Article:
There were no tears in her eyes, and there was no fear, either; no screaming, no asking why her. Jena in her infinite wisdom knew that love is the greatest of all. All this chaos was inconsequential. Love is what is immortal. Her love for me and mine for her were untouchable. Jena knew love is the only answer. Now I know that, too.


That is what love is.  It is untouchable, unbreakable, and it transcends into the hereafter.

Love never ends.

And that is priceless.

I can hear you saying, “I get what you mean, but I like the chocolates, the diamond heart-shaped necklaces, and the candlelight dinner out.”  Listen, by all means take advantage of a perfectly executed marketing campaign, I certainly do.  I’ll be the first to say, “Just hand over the chocolate and no one gets hurt."

But do me a favor this Valentine's Day.  Go find that special someone, stop them dead in their tracks, and look deeply into their eyes and say, “I Love You” and mean it.  Then tell me that’s not worth your weight in gold.

Now go share the love.

Thursday, February 4, 2010

Livin' On A Prayer

How do you live?

Are you living for the moment?

Are you living in the past?

How about, living on a prayer?

No, not the Bon Jovi song

…the real prayer

…the kind you say when you've got nothing left to hold you up.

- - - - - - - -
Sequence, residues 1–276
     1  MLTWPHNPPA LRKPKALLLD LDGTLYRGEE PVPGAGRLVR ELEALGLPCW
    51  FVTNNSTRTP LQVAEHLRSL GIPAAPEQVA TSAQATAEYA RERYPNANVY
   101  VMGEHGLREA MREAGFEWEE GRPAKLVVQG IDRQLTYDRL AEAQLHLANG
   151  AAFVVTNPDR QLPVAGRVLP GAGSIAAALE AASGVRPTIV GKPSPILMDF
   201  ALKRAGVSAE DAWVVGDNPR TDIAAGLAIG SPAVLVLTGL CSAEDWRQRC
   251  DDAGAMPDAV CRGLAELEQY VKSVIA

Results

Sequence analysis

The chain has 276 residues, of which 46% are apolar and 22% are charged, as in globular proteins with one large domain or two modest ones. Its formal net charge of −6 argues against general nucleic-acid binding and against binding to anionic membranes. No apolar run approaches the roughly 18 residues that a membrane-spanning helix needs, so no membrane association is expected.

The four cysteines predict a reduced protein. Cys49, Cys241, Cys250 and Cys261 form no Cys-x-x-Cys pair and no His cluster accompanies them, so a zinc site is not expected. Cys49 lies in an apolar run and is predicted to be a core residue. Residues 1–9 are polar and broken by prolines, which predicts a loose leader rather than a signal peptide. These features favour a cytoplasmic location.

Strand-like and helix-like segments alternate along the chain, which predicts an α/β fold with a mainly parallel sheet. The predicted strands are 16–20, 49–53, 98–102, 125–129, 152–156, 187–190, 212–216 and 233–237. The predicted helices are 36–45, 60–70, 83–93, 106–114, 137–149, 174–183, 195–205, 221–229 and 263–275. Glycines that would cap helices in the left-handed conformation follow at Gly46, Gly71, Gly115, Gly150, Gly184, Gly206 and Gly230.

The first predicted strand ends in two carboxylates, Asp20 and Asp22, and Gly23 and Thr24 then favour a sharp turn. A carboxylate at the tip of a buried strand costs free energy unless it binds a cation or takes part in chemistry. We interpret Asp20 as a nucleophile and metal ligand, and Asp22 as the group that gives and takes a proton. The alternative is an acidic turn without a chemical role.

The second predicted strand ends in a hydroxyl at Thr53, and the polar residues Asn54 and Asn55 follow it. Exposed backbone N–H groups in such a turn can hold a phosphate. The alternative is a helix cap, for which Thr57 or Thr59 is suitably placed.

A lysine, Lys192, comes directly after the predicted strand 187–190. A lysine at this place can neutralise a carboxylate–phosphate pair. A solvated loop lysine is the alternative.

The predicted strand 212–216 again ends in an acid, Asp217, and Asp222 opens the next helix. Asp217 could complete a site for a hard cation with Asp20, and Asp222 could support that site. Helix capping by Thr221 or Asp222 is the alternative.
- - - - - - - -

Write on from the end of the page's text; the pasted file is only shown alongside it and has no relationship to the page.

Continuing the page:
…the kind that knocks you to your knees and your only option is prayer.

You’ve had those days I’m sure.  You pray your father makes it through surgery.  You pray your 18 year old daughter makes it home safely from college during a winter storm.  You pray the doctor says you're in remission.

Then there are those days that cut you to your core.

You’re breathing, but you're not alive.  You’ve got nothing inside to hold you up anymore.  You've got nothing to lean on.  Nothing but prayer. Religious or not, you find yourself asking, begging and bartering with God to lift you out of wherever it is that you are.  You’re lost and you don’t even know how to ask for directions.

I’ve been there.

I remember looking up and screaming, “GOD, I CAN’T DO THIS!”

That was my prayer. That was it.

That prayer was my request that He would take me too, like He took my Jena.  But for some unknown reason He left me here, barely breathing.

My prayer was answered.

I’m still here because of the love that surrounds me…namely my girlfriends.  These fabulous ladies saw to it that I got out of bed before noon, ate something each day and sat with me for hours on end; sometimes never saying a word. They took care of everything.  They did this for weeks.  They fed my body and soul.  And people say I’m strong. Ha!  I couldn’t breathe without my girls.

Looking back, I know that talking with God, screaming at God, praying to God is sometimes all you need to do and then trust Him do the rest.

What is the ultimate prayer? “Thy will be done.”

Jena and God saw to it that you can live on a prayer.

Maybe Bon Jovi had it right all along…

Bon Jovi Lyrics Pictures, Images and Photos